A few miles after Barry's, riding along with only obnoxious flies for company, I passed two guys riding mountain bikes going in the other direction. We said hello and I wondered where these 'local' riders were riding from. Then, a few minutes later, I passed a few more riders - hmm, it must be an organized ride - and, not too much further down the road, I saw a support stop setup with maybe a dozen riders getting snacks. I pulled over to visit and found out that this was a Habitat for Humanity ride from Kansas City to Winnipeg. There were almost home on their two week ride. I ran into another Habitat ride in Pierre SD. They seem to be an effective fund raising tool for Habitat. There were a wide variety of riders and they all seemed to be having a good time. Of course THEY had a tailwind! The riders did create a bit of a traffic problem since drivers had to pass groups of four or five riders, and the groups were strung out for several miles. The slowest group was followed by two sag vehicles, one with a bike trailer carrying half a dozen bikes.

From there, my day went downhill. The big problem was those damn flies. When I tried to stop to rest and snack, they made my life very unpleasant, so I ended up taking several short breaks rather than one longer one. Those short breaks consisted stopping just long enough to drink some Coke and, in one case, dig out a cookie to eat while I rode. I didn't get off the bike until I reached Piney, a very small town some 30 miles southeast of Zhoda. About 15 miles before Piney, I started noticing smoke in the air. By Piney, it was thick and my troat was sore from breathing it.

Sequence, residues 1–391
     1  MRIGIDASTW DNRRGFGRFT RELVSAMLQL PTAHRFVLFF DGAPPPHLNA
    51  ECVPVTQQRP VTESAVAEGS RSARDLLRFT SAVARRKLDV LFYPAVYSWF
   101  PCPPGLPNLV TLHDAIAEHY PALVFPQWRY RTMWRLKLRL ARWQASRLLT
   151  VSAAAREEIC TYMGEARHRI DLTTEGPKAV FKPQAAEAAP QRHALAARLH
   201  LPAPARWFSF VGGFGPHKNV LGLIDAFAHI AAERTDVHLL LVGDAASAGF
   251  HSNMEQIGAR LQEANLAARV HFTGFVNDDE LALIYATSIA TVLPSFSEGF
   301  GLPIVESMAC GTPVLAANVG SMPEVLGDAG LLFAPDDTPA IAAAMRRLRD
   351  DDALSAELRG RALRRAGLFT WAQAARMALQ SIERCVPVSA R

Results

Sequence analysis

Piney in the smoke

Piney is a mile or so off of MB 12, on a road that goes south. The smoke seemed to be blown in from the south by my headwind. When I actually got to the Piney Hotel there was a phone, a Pub, and a restaurant. Not a fancy place, but they were very nice and fixed me a good second lunch. That, and several cups of coffee, got me ready to head out into the wind, with the flies, and the smoke. Oh yeah, I asked about the smoke and was told it came from controlled burning of grassland in Minnesota.

Fires burning, now with an east wind, in Minnesota

When I left Piney, the south wind had died down and the air was clear! I picked up my contingent of flies as soon as I got back on MB 12 - often there would be half a dozen flies accompanying me - but without the headwind and the smoke, riding was much improved. I still had forty miles to go to Warroad, but now it would take three hours of riding instead of four. Since I was pushing myself near my limits, that was a big improvement.

Shortly after Piney

After the road parallels the US Border - the border crossing is 21 km

I was exhausted by the time I reached the border, about 7:15 PM, but the customs fellow was reasonable and I got back into the US with minimal questioning. Then I had six miles of smooth flat road with a shoulder to ride to Warroad, but I still needed to stop and drink the last of my coke as a stimulant before I rode into town. A hard day, and one that makes me wonder about my plan to ride from International Falls to Thunder Bay. I'm not sure I can handle two days of 100+ miles riding with those flies with no way to get away from them for a rest.